Well… one of best kept secrets in rock-n-roll is about to blow up into the big time. As I was driving in to work this morning I heard a snippet of The Hold Steady‘s first single off their latest CD “Stay Positive” – “Sequestered in Memphis” – and thought I was listening to KEXP. When I looked at the tuner in my car, I saw… to my horror… that the song was playing on (gulp) NPR’s “All Things Considered”! As the song moved from the refrain of the song, Morning Edition’s Steve Inskeep continued his interview with Craig Finn (lead singer for the band) which can be found here.
Granted, I am happy for Craig Finn and company to get the exposure they rightly deserve as one of the best bands in America at present and I hope the sales of “Stay Positive” rocket through the roof. However, as with most things we hold dear in life, the more people discover a secret, the less powerful it is. Think of that favorite cafe you go to when you need some space to think (yes… I have mine… and it is on First Hill somewhere…) Think of that shoebox you kept under bed as a kid filled with the treasures (notes from camp, green army men you melted with a magnifying glass at a best friend’s house, baseball cards, a crumpled picture of Kristy McNichol from some forgotten ABC Afterschool Special, etc) you never wanted your siblings or parents to find. There are some bands that hold that place as well. U2 was like that in the early 80’s for me. When Christian kids “got serious” about their faith in those days, they abandoned all music expect that sanctioned by the CCM machine (burn the Beatle’s albums, buy the Amy Grant). However, I got more out of U2’s “War” – and still do – than I ever did from Petra or Whiteheart.
I think The Hold Steady will ‘hold’ such a place for another generation. Perhaps they won’t move on to fill stadiums and re-brand African poverty like Bono and the boys have done, but Craig Finn’s lyrics and the band’s bar-busting songcraft has certainly added a much needed element to Christian engagement with the world that is sorely missing from a majority of CCM pabulum in three big ways: namely honesty, humanity and that God is found for many people in the everyday more often than in the transcendent.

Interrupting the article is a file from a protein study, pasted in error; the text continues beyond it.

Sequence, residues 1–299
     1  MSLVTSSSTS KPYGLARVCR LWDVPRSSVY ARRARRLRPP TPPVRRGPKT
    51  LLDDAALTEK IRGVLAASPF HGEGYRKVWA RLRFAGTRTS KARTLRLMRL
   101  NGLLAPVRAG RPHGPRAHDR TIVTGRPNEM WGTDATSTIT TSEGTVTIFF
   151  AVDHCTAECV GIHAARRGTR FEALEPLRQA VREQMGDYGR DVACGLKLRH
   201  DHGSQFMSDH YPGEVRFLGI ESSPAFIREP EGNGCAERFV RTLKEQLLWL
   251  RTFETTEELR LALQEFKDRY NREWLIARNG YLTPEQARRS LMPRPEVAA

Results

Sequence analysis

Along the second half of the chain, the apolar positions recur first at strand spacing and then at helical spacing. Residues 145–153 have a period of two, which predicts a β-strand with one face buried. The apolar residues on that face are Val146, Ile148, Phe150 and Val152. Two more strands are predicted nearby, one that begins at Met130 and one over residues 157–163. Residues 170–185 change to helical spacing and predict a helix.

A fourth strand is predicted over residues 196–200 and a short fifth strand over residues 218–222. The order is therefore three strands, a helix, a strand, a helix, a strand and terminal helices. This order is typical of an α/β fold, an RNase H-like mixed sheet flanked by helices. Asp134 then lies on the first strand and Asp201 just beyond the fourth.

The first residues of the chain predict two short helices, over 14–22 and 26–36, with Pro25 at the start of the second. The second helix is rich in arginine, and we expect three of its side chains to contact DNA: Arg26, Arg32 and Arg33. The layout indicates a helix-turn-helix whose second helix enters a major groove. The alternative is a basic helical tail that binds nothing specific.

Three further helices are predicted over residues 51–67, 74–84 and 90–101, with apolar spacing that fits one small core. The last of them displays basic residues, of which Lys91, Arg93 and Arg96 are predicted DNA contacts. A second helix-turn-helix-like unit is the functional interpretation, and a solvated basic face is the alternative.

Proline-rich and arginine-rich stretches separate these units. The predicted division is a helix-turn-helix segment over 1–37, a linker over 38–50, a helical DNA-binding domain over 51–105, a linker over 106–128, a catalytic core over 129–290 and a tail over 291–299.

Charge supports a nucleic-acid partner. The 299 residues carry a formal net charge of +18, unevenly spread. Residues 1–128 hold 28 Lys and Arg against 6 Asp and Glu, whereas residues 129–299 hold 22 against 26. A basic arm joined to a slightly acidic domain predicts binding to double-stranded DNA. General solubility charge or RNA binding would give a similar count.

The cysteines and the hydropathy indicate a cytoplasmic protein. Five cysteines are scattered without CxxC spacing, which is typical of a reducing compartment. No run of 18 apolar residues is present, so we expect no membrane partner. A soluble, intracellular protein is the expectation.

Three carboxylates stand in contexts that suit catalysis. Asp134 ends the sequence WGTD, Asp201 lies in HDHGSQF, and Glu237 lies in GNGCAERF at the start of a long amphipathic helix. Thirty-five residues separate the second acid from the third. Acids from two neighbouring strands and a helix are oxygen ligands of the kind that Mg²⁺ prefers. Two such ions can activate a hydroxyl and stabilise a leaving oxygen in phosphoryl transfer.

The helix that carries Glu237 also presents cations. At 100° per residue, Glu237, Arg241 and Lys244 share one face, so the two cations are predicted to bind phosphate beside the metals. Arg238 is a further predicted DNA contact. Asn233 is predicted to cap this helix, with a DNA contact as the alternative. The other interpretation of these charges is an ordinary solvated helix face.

As Craig Finn states in relation to the band’ 2005 album Separation Sunday, much of their music is about real people finding real redemption. “I guess a prodigal-daughter story,” Finn states in his interview on NPR’s “All Thing’s Considered” “It [Separation Sunday] is about a girl who grew up in a religious background and goes off to try to find something bigger, better, or something she’s missing. And [she] has a lot of experiences and ends up coming back, not only to her family and to her town, but to her church.”
This “coming back” story that weaves its way through the CD is a gritty account of a girl named Holly (“Her parents named her Hallelujah/the kids all called her Holly”) who lives the life of disappointment and heartbreak many people in middle class America live out every day but rarely admit to – drugs on the sidetable at bedtime, drinking to get slightly drunk and forget the disappointments of their life, relationships that are merely encounters through sex without love. What makes Finn’s Holly such an important voice for the church today is that she can actually teach us something if the church would listen. For many CCM artists, redemption results in the ability to conform within our consumer culture rather than transform it – to be redeemed is in the mode of redeeming a coupon clipped from the newspaper – give up something only to buy something else. For Finn, it is not the type of coupon clipping painted out in the connect-the-dots redemption stories oft heard in CCM songs by the third verse. In the closing song of Separation Sunday, the aptly titled “How a Resurrection Really Feels”, Finn’s prodigal-daughter stumbles into an on-going church service: